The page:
Livingstone has a history of for-profit entrepreneurship involving Libya. In March 2011, during US-led attacks on Qaddafi’s forces, Livingstone and a group of partners reportedly pushed a plan in which they would help the dictator safely flee the country—if he paid them a massive fee, including $10 million up front.

(Livingstone confirmed in an email that he was involved in this effort to arrange Qaddafi’s exit, but he said that the plan never received approval from the Treasury Department’s Office of Foreign Assets Control, which was necessary because of sanctions that office had placed on Libya. As a result, “nothing ever happened,” Livingstone said.)

Much of Libya is now under Haftar’s control, but Livingstone said Transglobal Commerce and Construction was not formed to do business in that country. “It was anticipated that it would begin with a business opportunity in the [Middle East,] but there was nothing in Libya,” he wrote.

Phares has apparently eyed other business involving Okba Haftar. In the summer of 2018, Phares helped David Correia, a Florida businessman, contact Okba Haftar to arrange a meeting about doing business in Libya, CNN reported in December.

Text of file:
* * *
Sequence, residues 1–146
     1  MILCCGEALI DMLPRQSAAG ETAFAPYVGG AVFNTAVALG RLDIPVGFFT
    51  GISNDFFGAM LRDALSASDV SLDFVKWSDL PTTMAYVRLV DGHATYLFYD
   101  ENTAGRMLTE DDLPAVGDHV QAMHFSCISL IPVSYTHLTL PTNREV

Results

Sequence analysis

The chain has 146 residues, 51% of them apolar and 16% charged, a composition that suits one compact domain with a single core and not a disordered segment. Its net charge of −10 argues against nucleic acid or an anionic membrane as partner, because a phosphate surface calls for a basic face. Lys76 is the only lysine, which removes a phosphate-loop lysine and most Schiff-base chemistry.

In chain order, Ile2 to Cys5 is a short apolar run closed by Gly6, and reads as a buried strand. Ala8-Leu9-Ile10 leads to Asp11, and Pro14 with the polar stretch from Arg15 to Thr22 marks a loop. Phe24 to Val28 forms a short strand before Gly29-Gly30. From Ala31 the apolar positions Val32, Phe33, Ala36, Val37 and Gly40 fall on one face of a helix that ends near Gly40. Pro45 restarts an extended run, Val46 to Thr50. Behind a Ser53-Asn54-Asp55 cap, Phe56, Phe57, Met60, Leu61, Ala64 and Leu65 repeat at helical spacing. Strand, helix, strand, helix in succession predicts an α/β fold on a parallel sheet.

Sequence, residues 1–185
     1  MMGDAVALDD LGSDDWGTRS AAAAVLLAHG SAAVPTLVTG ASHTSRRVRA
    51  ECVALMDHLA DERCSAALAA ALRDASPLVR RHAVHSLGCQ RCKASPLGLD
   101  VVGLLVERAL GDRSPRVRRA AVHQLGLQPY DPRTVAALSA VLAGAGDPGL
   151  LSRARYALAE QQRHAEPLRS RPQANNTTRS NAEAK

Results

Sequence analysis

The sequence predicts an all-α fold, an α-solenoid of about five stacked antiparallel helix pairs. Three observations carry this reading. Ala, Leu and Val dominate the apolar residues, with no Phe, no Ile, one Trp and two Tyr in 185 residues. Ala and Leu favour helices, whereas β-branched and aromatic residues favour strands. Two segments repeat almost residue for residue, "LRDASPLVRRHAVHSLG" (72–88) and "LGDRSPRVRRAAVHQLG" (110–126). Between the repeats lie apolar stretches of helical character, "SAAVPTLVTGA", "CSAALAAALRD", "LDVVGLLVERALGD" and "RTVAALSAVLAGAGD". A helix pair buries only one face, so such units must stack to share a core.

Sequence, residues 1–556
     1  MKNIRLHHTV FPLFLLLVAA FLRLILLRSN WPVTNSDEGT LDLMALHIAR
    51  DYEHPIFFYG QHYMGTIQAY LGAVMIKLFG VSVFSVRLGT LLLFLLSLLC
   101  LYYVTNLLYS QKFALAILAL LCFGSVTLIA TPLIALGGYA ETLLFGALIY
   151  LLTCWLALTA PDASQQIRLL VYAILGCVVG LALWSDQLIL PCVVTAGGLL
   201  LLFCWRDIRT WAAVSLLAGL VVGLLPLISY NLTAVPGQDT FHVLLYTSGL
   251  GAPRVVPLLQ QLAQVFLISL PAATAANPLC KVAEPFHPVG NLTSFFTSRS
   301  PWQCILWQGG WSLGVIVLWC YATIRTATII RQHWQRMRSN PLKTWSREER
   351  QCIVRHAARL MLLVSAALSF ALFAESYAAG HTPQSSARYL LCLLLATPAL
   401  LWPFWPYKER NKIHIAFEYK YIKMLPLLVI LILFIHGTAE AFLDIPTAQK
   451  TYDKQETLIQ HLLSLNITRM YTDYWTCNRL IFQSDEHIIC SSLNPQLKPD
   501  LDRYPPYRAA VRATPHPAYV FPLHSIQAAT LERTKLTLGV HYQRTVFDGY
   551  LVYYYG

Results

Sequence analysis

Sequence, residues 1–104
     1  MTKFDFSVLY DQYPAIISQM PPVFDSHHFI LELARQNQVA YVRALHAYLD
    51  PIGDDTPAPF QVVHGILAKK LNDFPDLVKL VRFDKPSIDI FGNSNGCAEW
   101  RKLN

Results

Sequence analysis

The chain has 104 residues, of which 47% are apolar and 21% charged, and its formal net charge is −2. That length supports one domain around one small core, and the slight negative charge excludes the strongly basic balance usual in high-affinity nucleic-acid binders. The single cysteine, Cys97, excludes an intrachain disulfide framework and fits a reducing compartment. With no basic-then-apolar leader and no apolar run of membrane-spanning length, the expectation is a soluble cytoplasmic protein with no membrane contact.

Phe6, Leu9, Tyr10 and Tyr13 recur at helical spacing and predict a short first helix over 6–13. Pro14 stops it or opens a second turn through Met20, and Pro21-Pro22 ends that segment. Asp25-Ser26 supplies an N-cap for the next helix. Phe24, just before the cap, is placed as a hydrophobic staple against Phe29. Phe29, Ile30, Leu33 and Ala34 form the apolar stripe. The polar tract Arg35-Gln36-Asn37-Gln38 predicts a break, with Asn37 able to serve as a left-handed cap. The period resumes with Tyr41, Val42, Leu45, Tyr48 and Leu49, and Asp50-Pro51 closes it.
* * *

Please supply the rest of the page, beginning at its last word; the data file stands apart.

Correia proposed hiring Phares “in a possible expertise agreement,” Bynum told Mother Jones. She added that such an arrangement “never materialized.”

(Last year, Correia, along with two associates of Rudy Giuliani—Lev Parnas and Igor Fruman—was charged by federal prosecutors with taking part in a conspiracy to conceal the source of foreign political contributions. A lawyer representing Correia did not respond to requests for comment.)

Phares’ calls for the United States to support Khalifa Haftar’s LNA date back half-a-decade. In April 2015 congressional testimony, he noted that he had urged US backing for “anti-Jihadist forces led by General Khalifa Haftar,” among other prescriptions for the region.

In March 2017, he said in a video on Facebook that “we need to make sure that we have a strong partner in Libya—that would be the Libyan National Army” and others. 

This advocacy gained renewed importance in early April 2019, when Khalifa Haftar launched his surprise attack intended to quickly seize Tripoli and oust the United Nations-recognized Government of National Accord there.

The effort enjoyed support from the leaders of Egypt, the United Arab Emirates, and Russia. But the UN, US State Department, and other countries called for Haftar to stand down and agree to peaceful negotiations.